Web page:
Judas Iscariot (1) – Betrayal

The Story of Judas Iscariot“You’ve given me the confidence to feel I can go out with someone else,” she told me on Valentine’s Day. Nearly 40 years on (and after over 30 with my wife) I can laugh at the back-handed compliment from a former girlfriend as she left me for another man. But at the time it felt like betrayal.

Please read Luke 22:4-6 & Luke 22:47-48

Judas has always had a bad press. Always the last of the Twelve to be mentioned. Often portrayed wearing black. His name used to denounce others. A victim, then? Maybe, but partly of his own making. Vulnerable to the rich and powerful? Pretty much undoubtedly.

Betrayal. Often deliberate. Always hurtful. Sometimes breaking confidence or trust. The object of the betrayal may be a specific person (such as Jesus) or towards a cause (as when Judas showed the chief priests where they could find him). It happens in times of war (and peace, for that matter) or by betraying a nation. It happens in workplaces and churches. And potentially most hurtfully in personal relationships. Being betrayed is a very painful loss. A loss of trust. And often the loss of a person we once trusted.

Judas also betrayed himself, though. Maybe he did it for the money and because he thought it would help him to be part of the ‘in-crowd’. To feel accepted and lauded as the one who dealt with a troublemaker. He sniffed fame and fortune and it smelt good. But he soon felt the consequences and it cost him his life.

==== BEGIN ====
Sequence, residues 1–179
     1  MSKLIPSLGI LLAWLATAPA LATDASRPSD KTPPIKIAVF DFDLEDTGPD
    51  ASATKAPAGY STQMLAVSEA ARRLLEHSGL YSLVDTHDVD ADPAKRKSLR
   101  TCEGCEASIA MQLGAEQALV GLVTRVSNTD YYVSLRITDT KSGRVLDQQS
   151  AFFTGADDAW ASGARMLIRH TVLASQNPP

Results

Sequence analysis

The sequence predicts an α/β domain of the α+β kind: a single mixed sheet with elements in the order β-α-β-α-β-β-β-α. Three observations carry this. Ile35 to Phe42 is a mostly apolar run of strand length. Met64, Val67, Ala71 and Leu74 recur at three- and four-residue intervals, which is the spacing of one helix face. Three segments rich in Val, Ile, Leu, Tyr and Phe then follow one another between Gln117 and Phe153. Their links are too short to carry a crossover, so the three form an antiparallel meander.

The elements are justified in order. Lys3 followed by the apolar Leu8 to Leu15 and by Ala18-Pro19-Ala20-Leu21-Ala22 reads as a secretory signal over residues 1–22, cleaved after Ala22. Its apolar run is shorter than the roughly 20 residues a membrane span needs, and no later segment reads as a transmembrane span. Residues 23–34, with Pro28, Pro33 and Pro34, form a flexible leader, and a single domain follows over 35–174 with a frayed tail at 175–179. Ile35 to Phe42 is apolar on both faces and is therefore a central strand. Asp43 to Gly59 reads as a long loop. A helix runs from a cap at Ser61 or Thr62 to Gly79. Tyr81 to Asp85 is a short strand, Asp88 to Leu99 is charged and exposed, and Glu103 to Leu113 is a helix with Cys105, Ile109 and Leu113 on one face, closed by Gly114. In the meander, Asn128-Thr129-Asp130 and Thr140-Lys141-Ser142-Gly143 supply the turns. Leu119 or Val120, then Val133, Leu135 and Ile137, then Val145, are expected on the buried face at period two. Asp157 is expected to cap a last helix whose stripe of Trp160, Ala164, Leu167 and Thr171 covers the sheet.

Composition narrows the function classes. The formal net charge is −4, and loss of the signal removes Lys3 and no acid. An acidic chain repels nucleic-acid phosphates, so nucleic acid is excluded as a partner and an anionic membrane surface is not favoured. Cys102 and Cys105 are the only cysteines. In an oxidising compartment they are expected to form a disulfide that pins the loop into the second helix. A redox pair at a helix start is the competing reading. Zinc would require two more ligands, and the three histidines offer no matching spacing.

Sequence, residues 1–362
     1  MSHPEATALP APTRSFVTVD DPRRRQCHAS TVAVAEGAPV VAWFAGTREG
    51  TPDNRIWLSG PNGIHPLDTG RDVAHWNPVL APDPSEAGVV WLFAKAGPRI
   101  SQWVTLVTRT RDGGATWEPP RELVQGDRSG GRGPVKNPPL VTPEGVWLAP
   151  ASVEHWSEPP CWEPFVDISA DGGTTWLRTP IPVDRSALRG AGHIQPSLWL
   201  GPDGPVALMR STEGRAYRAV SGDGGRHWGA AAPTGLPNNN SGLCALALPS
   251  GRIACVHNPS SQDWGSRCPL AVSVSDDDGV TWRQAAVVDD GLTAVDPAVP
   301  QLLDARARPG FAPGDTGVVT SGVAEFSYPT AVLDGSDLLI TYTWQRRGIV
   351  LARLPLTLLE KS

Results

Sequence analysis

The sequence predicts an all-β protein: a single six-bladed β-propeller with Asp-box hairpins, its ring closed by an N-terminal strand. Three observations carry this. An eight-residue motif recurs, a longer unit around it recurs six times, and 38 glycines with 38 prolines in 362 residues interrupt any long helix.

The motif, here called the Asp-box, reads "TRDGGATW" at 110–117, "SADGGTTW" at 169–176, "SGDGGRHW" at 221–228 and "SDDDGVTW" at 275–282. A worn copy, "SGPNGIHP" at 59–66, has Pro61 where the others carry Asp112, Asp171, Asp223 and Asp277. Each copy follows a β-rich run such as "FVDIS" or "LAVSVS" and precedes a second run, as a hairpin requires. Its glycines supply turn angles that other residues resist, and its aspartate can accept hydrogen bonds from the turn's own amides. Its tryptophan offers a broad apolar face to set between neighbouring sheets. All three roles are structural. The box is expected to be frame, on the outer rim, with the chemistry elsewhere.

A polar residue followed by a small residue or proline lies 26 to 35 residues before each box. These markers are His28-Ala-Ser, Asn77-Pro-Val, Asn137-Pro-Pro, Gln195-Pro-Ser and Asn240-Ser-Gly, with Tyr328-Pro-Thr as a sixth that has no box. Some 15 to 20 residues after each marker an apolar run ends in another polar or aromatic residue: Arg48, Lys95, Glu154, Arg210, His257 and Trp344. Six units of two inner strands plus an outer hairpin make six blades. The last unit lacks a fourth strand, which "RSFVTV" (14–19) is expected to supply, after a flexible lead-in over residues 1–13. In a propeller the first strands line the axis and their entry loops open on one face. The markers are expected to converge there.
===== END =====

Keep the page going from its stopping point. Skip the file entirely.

We too can betray ourselves. We can make choices and decisions because we think that’s what others want us to do rather than staying true to ourselves or listening to God. We might live to the false self we portray to others because we want to feel accepted: or to fulfil an inbuilt need to know we are ‘as good as’ other people.

The desire for such acceptance, while quite natural (and important) can sometimes be at the price of who we really are – and at the cost of who God wants us to be. It can be at the loss of our true self. The loss of who we are as a person made in God’s image.